Latest Collapse Stokes Fears of Financial Instability

Another midsize bank has collapsed in the United States. To prevent the situation from destabilizing the financial system, U.S. authorities must implement appropriate measures.

California-based First Republic Bank has failed and been placed under public control, according to an announcement from the U.S. Federal Deposit Insurance Corp. (FDIC).

As of the end of last year, the regional bank held total assets of about $210 billion (about ¥29 trillion), making it the 14th largest bank in the United States. Its collapse is the largest U.S. bank failure since Lehman Brothers went under in 2008.

There are fears that smoldering financial anxiety could flare up again. A situation that spreads to the rest of the world must be avoided.

First Republic Bank’s assets and deposits will be taken over by major U.S. bank JPMorgan Chase Bank and all deposits will reportedly be protected.

U.S. authorities must take all possible measures to ensure the stability of the financial system mainly by working to prevent the spread of confusion among depositors and by providing sufficient funds to the market.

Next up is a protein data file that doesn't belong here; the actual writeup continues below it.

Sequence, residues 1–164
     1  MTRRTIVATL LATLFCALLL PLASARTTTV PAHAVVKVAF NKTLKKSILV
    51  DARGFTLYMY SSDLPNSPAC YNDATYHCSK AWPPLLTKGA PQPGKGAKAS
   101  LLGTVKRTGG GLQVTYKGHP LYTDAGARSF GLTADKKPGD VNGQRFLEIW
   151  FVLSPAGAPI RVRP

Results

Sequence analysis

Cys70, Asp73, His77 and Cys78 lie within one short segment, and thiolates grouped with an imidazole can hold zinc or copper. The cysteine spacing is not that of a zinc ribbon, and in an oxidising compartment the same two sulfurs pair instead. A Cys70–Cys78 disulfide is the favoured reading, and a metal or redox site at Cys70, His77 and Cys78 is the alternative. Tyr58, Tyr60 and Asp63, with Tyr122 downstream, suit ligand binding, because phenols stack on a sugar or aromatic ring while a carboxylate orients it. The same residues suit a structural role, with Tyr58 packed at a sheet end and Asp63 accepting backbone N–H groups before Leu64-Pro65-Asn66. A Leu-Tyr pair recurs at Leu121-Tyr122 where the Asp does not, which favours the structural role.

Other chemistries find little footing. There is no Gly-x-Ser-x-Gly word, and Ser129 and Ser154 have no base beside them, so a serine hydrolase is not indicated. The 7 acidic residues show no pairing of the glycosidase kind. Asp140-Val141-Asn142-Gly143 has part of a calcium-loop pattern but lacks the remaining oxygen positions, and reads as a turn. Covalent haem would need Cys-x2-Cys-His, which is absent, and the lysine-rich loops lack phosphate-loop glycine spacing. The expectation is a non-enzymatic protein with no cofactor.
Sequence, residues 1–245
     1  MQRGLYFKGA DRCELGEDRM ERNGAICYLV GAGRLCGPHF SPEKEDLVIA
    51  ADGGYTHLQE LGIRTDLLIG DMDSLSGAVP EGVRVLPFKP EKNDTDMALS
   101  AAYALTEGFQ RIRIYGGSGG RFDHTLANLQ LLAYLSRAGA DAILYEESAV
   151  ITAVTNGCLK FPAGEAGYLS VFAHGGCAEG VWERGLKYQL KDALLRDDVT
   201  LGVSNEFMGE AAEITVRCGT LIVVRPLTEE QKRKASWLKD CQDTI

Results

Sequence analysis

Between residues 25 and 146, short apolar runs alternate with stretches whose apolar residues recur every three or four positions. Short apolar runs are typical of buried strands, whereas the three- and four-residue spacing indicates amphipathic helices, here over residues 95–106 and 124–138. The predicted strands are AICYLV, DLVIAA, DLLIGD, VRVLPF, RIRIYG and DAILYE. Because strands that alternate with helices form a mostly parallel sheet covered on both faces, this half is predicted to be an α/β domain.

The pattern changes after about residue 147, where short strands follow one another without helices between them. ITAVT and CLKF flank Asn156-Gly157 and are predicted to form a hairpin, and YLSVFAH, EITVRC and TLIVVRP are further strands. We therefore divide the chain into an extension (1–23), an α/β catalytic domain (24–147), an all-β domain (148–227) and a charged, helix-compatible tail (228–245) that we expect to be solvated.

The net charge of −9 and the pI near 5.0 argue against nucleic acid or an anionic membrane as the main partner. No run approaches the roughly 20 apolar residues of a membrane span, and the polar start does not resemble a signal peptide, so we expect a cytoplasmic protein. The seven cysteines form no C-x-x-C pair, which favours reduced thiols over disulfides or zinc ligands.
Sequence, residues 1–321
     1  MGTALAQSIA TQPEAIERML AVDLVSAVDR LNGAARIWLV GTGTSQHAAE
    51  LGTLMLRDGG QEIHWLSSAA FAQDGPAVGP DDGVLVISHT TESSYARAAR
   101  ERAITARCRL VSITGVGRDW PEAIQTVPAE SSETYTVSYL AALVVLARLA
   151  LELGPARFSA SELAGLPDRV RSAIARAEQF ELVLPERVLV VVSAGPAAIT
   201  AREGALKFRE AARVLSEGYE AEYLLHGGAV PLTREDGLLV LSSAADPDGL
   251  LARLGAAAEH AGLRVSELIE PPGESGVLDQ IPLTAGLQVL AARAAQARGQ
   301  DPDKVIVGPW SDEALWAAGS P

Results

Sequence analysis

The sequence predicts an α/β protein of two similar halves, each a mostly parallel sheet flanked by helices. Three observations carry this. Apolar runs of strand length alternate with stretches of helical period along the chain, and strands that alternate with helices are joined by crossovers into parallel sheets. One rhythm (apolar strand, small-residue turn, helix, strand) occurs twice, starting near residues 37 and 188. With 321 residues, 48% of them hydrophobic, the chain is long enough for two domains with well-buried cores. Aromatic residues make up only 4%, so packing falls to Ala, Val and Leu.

The midsize U.S. banks Silicon Valley Bank (SVB) and Signature Bank failed in March.

At that time, credit concerns also spread to First Republic, and an unusual measure was announced in which 11 major U.S. banks deposited a total of $30 billion to support the regional bank.

However, the outflow of deposits continued, and the bank’s stock price plummeted when it revealed in an April 24 earnings announcement that the balance of deposits at the end of March had fallen by 40% from the end of last year.

One of the reasons for the series of bank failures in the United States is that the Federal Reserve Board’s rapid interest rate hikes have caused the prices of U.S. Treasury bonds and other securities held by banks to fall, resulting in huge unrealized losses.

The Fed is also responsible for supervising banks. Why was it unable to stop the chain of failures that began with SVB?

The Fed has already released its report on the collapse of SVB, admitting that it failed to swiftly supervise the bank, among other issues. The Fed has also indicated that it plans to review banking regulations.

Banking regulations in the United States were eased during the previous administration of U.S. President Donald Trump. The threshold of total assets for placing banks under intense oversight was raised from $50 billion or more to $250 billion or more. The three failed banks were not subject to such oversight.

The Fed plans to expand the scope of the oversight to include midsize banks in the future. The U.S. central bank is urged to reestablish an effective monitoring system.

The risks surrounding bank management have been increasing because the use of social media has made it easier for credit concerns to spread and deposits can be easily withdrawn with online banking. It is important to consider how bank supervision and regulation should be adapted to the changing times.

(From The Yomiuri Shimbun, May 2, 2023)